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University to Revamp Roof of Gehry Building

Thursday, January 19, 2017

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After nearly 20 years of service, the iconic Albert H. Vontz Center for Molecular Studies on the University of Cincinnati campus will undergo a $17 million facelift, which will include building envelope upgrades.

The building, designed by internationally acclaimed architect Frank Gehry as part of the UC’s Signature Architects program, has recently been subjected to “recurrent and systematic water infiltration issues” with projecting curtainwalls, sky-sloping masonry panels and a roofing system nearing the end of its service life, thus making the renovation project necessary, according to the university.

Vontz Center
Photo courtesy of University of Cincinnati

Frank Gehry's Albert H. Vontz Center for Molecular Studies, which opened in 1999, will undergo upgrades over the next two years.

“It’s such a valuable building, and such valuable research goes on inside of it, we cannot wait for people to call up and say, ‘The roof’s leaking,’ Dale Beeler, UC’s director of project management told

About the Building

The 150,000-square-foot building features three-dimensional curved, prefabricated brick masonry walls, skewed windows, and sloping roofs instead of the polished metal facades the California-based architect employed extensively on other projects. The university identifies the structure as Gehry’s “first all-brick building” on its website.

Gehry, who won the Pritzker Prize for Architecture in 1989, is well-known for his adventurous, irregular and unusual designs. His body of work includes the Guggenheim Museum in Bilbao, Spain, and the Walt Disney Concert Hall in Los Angeles.

curved facade
Richie Diesterheft / CC By 2.0 via Flickr

Reminiscent of a sculpture, the building features curved masonry walls and skewed windows.

The Vontz Center, named after a Cincinnati businessman and UC alumnus, was completed in 1999 at a cost of $46 million. Local firm Baxter Hodell Donnelly Preston Inc. also played a role in the design of the building. The facility houses the university’s cancer biology research labs, offices and lecture spaces.

Project Details

Before embarking on the extensive project, the university said it commissioned an in-depth investigation to analyze "all known and suspected issues with the building’s intricate facade and roof system." This report, completed last year, will be made available to shortlisted architect/engineer finalists for the project, the UC noted in its request for qualifications issued in December.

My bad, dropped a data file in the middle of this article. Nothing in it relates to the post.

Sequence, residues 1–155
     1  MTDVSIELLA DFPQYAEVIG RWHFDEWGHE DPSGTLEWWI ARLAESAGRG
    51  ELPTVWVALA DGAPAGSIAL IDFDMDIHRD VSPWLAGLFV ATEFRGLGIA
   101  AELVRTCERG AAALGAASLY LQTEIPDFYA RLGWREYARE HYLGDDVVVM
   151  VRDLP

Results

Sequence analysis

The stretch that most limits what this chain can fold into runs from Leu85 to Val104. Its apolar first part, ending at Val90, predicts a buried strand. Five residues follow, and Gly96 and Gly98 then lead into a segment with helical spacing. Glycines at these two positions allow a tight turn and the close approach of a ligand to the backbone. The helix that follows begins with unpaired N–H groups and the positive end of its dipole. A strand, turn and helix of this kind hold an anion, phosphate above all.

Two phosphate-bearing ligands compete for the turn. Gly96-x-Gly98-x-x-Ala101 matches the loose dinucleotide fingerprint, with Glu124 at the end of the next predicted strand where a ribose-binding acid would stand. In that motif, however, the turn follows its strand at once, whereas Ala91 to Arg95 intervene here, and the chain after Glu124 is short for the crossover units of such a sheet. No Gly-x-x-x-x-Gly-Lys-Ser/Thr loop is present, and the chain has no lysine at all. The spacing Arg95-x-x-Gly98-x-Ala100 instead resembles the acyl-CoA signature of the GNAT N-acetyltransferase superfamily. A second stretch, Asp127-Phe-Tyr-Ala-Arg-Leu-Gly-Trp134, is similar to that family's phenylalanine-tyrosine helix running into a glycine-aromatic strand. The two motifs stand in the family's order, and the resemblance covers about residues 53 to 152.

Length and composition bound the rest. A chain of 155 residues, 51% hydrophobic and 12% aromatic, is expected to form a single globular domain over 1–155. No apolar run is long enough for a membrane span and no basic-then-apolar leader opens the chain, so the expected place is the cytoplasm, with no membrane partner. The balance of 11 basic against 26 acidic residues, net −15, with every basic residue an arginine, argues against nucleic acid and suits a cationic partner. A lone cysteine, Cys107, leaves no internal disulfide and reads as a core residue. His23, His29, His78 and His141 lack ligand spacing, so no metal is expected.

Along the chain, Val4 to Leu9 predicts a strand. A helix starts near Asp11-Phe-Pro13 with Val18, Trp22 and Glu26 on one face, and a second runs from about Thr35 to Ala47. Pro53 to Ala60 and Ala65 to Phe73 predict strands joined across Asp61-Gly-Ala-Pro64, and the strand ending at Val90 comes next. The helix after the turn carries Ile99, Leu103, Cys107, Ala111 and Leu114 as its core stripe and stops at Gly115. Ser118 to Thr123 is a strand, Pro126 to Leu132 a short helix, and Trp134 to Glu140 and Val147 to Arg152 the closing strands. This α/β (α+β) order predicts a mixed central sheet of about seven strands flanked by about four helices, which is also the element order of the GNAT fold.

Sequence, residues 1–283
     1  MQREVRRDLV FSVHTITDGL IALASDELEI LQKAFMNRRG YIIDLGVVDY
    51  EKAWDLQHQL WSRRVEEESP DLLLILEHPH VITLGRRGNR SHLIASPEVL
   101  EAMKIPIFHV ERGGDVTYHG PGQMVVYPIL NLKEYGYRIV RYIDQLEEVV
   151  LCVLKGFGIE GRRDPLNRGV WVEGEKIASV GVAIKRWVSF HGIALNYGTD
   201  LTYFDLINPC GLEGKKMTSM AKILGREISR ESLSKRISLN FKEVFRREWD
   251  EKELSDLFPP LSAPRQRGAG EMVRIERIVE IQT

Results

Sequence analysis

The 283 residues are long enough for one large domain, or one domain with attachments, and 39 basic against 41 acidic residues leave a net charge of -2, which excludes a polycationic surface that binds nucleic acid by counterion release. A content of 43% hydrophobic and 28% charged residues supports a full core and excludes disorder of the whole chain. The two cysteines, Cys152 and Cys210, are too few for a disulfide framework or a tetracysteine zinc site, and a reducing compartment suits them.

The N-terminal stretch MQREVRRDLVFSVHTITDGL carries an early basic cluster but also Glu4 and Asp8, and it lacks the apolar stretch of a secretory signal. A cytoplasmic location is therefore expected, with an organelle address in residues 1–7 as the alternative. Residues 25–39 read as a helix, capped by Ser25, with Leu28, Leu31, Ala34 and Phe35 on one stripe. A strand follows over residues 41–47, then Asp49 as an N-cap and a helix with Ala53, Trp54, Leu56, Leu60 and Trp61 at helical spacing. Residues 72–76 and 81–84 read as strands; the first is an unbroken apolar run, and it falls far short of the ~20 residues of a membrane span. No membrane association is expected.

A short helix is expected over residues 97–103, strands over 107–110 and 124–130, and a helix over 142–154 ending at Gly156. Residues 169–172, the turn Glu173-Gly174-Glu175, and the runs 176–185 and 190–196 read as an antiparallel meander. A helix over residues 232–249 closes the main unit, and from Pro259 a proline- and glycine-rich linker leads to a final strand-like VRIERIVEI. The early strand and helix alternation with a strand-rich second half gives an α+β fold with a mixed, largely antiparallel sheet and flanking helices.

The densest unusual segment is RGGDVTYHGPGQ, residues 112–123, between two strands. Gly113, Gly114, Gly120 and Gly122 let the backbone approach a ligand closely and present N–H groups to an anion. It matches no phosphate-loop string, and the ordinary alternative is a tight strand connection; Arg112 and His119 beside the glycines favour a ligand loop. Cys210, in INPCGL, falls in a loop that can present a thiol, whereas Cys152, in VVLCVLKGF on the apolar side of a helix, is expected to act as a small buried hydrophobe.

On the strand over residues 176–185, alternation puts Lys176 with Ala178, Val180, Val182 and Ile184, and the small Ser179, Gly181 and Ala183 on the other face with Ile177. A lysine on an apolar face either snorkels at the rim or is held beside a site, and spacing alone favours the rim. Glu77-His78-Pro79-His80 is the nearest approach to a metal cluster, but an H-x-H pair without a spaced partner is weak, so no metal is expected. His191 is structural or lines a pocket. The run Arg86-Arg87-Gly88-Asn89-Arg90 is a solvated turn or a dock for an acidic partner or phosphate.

Submissions were due this week.

The scope of the project includes the major renovation of all of the building envelope systems while the building remains in use, according to the project details.

Those systems include roofing, skylights, exterior window walls and unit masonry. The UC wants to install a new high-performance roof system to replace the current single-ply, paver-ballasted system. The replacement will include reconfiguring the skylight perimeter gutter, flashing and drains, the request noted.

For the exterior walls, the installation of temporary wet sealing and system preparation for replacement will be a part of the project. All existing curtainwall systems are to be replaced, as repeated attempts to seal the original systems have provided temporary relief and ineffectual results, UC said. Glazing, flashings and weather-tight components will also be redesigned and replaced during the project.

As for the masonry, miscellaneous tuck pointing throughout and the application of a masonry water repellent system will be required. The project will also include minor masonry remediation to maintain continuity of exterior air/water barrier. Sealants will be renewed as required, the details noted.

Further, galvanized corner angles are to be refinished and staining and efflorescence are to be removed from all masonry components, the project details indicated.

University officials expect the project will be complete by October 2018.


Tagged categories: Architecture; Building Envelope; Building envelope; flashing; Frank Gehry; Masonry stains; Public Buildings; Renovation; Roofing materials; Waterproofing

Comment from Sheldon Wolfe, (1/19/2017, 9:04 AM)

Why the complaints? The design is audacious, it's disruptive, it's innovative! As Frank Lloyd Wright is reported to have said, "If the roof doesn’t leak, the architect hasn’t been creative enough."

Comment from Jesse Melton, (1/27/2017, 8:53 AM)

Aren't all brick constructions 3-dimensional?

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